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If you think you'll never use XpressNet you'll be sorely dissapointed, as soon as you apply power to the unit you are using XpressNet.

The idea that 'it's Hornby so it must be good' seems to me to be more of a problem than a solution, it's a bit like buying a pair of shoes just because they're Nike's or Reeboks, if the shoes don't fit it doesn't matter how popular the brand is. This is nothing against Hornby, as indeed some of their products are quite good, but buying something simply because it is a certain brand will not get you the best results.
Incidently if you want to talk trusted brands then for DCC that's Digitrax, Lenz, NCE, and perhaps Zimo (alphabetical order BTW), these are the brands which have the well deserved reputation of being the best in the business.

As numurous people have said before you need to buy the system that has the features and functionality you want, look around and compare, if you find Hornby's system is ideal for you then by all means buy it, if not then don't buy it just because it's Hornby, if it doesn't do what you want then it is about as usefull as that pair of Nike's that don't fit!
 

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As someone giving VERY serious consideration to digital control, I clearly have a 'new interest'. The very last thing I want is for intelligent and informative discussion to be stifled under the guise of 'nurturing'. Good, bad or indifferent, we need to know the facts.

'Trust' is built on real world experience as opposed to blind faith in a name - any name. When any manufacturer introduces a product that is new to that manufacturer, it would be most unwise for uninformed newcomers to buy on the basis of blind faith. If people don't choose to read critical facts, that is certainly their right. But let us not rob them of their ability to choose by depriving them of the opportunity to do so.

Before spending my money on anything, I NEED to be in a position to make intelligent and informed decisions that are soundly based on what that product can actually do for me. It is even more important that I know for certain what it CANNOT do! Frankly, the purchase cost remains wholly irrelevant until I can assemble that essential performance information. If it cannot do what I need it to do, no matter how low the price, it is still money straight down the toilet.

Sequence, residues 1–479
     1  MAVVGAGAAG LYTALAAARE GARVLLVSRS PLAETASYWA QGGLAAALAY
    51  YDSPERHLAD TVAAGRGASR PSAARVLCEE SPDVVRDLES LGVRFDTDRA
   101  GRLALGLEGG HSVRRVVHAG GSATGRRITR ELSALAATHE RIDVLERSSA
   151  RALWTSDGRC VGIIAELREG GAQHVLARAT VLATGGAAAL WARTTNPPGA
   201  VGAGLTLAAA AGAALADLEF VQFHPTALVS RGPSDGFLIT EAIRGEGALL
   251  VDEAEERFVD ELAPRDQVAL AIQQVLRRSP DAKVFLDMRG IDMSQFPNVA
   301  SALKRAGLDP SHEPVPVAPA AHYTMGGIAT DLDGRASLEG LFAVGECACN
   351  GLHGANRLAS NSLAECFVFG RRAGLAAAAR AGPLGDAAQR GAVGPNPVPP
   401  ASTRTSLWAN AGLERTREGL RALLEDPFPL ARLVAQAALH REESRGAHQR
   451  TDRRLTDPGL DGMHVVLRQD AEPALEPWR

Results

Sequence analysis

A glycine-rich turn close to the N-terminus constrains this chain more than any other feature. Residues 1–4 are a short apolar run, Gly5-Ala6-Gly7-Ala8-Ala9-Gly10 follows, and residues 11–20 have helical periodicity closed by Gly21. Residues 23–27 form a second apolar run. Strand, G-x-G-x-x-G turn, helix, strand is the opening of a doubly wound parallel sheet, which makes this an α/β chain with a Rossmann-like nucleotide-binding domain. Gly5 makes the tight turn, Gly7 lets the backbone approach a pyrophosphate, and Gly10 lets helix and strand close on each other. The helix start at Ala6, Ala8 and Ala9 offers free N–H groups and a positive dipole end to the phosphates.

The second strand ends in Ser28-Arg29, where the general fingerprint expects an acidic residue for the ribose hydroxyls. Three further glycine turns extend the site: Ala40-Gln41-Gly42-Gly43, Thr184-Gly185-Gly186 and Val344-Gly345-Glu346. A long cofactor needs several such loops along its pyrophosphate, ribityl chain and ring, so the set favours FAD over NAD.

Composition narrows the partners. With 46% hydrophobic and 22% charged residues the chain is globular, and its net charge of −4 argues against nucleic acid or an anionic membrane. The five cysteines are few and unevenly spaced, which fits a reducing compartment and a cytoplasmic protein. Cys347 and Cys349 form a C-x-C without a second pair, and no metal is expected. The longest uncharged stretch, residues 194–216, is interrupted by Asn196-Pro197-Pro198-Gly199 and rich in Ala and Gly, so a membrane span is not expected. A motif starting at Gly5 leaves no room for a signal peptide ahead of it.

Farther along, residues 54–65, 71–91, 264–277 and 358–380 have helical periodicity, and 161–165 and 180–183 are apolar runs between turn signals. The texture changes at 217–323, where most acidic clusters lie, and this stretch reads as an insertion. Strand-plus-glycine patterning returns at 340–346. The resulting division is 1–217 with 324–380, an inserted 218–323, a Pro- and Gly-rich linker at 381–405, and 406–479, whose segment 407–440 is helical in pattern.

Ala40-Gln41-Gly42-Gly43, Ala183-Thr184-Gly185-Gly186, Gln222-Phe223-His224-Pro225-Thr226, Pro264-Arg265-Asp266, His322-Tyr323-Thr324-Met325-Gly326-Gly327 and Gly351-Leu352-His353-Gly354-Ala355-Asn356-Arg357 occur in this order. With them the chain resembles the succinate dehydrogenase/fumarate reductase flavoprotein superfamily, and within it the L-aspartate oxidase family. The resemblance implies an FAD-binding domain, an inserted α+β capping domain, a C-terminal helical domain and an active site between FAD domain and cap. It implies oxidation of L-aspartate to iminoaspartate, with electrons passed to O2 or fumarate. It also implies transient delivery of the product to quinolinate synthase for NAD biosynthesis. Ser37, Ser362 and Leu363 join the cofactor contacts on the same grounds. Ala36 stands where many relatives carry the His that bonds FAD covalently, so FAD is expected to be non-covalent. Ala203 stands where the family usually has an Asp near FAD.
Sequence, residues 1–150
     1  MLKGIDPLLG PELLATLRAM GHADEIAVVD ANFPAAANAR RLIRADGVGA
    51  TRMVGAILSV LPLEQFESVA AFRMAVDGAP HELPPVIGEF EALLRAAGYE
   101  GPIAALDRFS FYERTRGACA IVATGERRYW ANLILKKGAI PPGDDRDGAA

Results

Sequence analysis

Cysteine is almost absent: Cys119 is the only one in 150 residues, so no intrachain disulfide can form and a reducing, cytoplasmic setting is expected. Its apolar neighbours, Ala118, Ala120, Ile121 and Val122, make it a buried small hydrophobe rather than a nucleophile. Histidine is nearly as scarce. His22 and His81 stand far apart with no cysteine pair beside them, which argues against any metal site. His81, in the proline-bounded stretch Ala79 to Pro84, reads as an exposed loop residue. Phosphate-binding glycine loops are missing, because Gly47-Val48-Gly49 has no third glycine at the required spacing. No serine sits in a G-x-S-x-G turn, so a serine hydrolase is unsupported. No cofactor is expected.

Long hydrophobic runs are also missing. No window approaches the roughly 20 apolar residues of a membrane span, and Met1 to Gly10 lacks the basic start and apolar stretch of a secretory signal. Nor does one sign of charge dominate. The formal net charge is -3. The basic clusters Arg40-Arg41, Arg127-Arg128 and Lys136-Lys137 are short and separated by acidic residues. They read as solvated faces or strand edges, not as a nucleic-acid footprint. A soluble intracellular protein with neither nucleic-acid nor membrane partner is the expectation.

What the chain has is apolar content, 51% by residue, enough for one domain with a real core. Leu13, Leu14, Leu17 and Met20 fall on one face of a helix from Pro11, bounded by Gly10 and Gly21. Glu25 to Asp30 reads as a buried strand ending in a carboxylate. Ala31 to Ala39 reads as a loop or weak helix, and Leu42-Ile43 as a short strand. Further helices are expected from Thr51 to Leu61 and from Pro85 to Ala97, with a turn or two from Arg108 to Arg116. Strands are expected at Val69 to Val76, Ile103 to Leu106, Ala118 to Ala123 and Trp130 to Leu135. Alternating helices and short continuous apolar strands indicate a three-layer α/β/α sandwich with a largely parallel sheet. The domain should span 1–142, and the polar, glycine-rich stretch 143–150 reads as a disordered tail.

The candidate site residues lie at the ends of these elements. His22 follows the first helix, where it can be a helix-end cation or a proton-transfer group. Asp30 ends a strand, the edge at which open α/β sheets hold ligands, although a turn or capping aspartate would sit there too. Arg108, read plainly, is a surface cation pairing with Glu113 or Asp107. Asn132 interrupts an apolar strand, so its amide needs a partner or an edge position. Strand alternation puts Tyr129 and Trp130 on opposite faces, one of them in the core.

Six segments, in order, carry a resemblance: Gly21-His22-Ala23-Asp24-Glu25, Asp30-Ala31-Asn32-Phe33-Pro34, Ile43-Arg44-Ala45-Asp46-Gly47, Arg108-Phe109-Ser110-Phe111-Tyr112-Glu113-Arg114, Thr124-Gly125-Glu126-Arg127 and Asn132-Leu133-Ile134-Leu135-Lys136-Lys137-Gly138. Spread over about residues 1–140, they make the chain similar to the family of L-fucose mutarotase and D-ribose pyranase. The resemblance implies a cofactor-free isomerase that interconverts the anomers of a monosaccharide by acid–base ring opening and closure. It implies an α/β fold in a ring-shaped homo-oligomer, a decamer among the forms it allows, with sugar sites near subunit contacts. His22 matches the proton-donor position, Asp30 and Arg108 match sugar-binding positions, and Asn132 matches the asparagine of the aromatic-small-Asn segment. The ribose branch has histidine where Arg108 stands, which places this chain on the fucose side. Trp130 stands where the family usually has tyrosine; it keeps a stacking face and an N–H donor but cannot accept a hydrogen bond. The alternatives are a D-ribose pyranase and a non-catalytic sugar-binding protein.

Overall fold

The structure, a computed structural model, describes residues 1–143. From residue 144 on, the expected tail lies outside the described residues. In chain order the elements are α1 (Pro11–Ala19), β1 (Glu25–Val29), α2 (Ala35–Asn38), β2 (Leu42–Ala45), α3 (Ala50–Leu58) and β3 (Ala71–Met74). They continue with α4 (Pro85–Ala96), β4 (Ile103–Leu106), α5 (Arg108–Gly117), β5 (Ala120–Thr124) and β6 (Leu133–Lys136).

This topic discusses a brand new Hornby control system and I would much prefer to discuss that system's significant pros and cons right here. It would be the opposite of helpful to be diverted to another topic and have to shuttle back and forth trying to tie complex information together from several sources if it can be achieved in one.

A specific case in point here is a possible limitation on the number of units that the
new Hornby system can address. It's clear from previous posts that some confusion exists. That single factor is so critical that a system purchase choice can stand or fall upon that alone. I, for one, can't afford to make expensive mistakes through lack of crucial data and I thank everyone who is taking the time to provide it here. It really is appreciated
 

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QUOTE Incidently if you want to talk trusted brands then for DCC that's Digitrax, Lenz, NCE, and perhaps Zimo (alphabetical order BTW), these are the brands which have the well deserved reputation of being the best in the business.

These are brands that a very, very high proportion of Hornby customers have not heard of with very little customer support in the UK.

QUOTE I, for one, can't afford to make expensive mistakes through lack of crucial data and I thank everyone who is taking the time to provide it here.

I don't understand the issue. The basic Hornby Digital unit is around £50 moving up to £99 with chips at under £10. It would be an expensive mistake it it was a £500 system but it is not. Lets get this into perspective. Its the cost of one locomotive and an introductory system.